In x-ray driven ablation, the preheat effect is caused by the high energy x-rays that pass through the ablator. Thus, the transmission flux can be used to characterize preheat effect in a certain degree. With the radiation temperature being 200 eV, the transmission flux and preheat temperature of pure polymer (CH) have been studied by using the one-dimensional multi-group radiation hydrodynamic code MULTI-1D. By studying the spectrum of the transmitted x-rays, it is found that the energy of the transmitted x-rays is in the range of 2–5 keV for pure CH ablator. This is of importance for selecting a dopant for CH ablator. We also calculated both the preheat temperature of CH near the surface of thick target (47.66 μm) and the transmission flux of a thinner target (38.66 μm). It is found that the more transmission flux leads to the higher preheat temperature. Preheat effect of graded Si-doped CH targets with different doped concentrations has also been studied. The results are consistent with this phenomenon. By analyzing the relationship between the transmission flux and the preheat temperature, we have presented a novel method to evaluate preheat effect in x-ray driven ablation.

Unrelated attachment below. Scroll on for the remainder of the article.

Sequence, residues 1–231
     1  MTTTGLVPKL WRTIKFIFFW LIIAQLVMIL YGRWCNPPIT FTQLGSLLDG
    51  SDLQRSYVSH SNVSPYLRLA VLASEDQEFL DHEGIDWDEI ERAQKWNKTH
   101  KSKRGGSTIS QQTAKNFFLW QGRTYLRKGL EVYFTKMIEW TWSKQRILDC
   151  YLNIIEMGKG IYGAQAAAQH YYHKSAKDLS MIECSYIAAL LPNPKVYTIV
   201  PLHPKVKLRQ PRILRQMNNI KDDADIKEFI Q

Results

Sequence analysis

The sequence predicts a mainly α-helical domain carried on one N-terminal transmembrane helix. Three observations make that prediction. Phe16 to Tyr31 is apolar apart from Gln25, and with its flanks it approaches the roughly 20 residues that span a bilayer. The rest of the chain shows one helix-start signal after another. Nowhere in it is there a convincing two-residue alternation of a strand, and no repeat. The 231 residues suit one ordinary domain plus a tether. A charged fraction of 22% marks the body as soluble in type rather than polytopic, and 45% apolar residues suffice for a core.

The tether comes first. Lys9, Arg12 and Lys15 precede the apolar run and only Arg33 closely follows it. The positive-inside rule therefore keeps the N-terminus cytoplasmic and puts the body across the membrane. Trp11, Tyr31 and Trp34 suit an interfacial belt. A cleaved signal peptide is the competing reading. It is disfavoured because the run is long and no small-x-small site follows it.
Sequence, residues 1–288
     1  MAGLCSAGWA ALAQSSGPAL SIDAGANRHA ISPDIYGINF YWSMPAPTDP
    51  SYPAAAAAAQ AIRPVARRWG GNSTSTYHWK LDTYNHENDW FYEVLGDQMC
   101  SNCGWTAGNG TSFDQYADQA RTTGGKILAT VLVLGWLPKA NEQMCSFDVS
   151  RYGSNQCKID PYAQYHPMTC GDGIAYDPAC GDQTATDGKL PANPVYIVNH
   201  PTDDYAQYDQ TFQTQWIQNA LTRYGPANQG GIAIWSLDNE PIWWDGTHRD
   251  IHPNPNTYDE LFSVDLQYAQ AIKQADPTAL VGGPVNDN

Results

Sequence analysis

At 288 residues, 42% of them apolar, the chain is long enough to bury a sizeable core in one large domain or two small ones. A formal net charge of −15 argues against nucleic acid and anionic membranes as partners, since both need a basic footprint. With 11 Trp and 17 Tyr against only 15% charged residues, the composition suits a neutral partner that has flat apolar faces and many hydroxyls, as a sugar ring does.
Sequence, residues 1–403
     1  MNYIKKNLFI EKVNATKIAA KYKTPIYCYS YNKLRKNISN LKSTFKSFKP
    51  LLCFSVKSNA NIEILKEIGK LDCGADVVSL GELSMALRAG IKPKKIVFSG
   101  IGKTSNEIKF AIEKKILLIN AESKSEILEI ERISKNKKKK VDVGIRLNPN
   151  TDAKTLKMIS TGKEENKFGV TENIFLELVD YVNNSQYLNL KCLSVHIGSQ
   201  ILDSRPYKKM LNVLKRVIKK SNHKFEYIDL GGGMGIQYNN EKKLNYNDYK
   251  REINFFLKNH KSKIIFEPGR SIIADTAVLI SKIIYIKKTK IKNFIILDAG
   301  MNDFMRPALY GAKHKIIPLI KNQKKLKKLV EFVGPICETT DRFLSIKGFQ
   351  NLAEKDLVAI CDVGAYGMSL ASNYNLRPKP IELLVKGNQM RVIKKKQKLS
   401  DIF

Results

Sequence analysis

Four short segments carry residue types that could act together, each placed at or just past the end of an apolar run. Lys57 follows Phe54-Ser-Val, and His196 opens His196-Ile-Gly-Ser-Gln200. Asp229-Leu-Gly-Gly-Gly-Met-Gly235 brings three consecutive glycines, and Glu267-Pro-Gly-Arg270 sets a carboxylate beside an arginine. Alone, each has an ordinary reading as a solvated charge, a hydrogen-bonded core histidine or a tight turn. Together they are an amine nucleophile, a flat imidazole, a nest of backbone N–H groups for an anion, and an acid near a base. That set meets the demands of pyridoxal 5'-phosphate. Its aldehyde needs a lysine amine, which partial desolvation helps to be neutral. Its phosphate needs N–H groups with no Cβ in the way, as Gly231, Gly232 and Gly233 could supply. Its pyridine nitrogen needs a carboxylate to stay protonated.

4. Sensitivity of Lumped Constraints Using the Adjoint Method

    NASA Technical Reports Server (NTRS)

    Akgun, Mehmet A.; Haftka, Raphael T.; Wu, K. Chauncey; Walsh, Joanne L.

    1999-01-01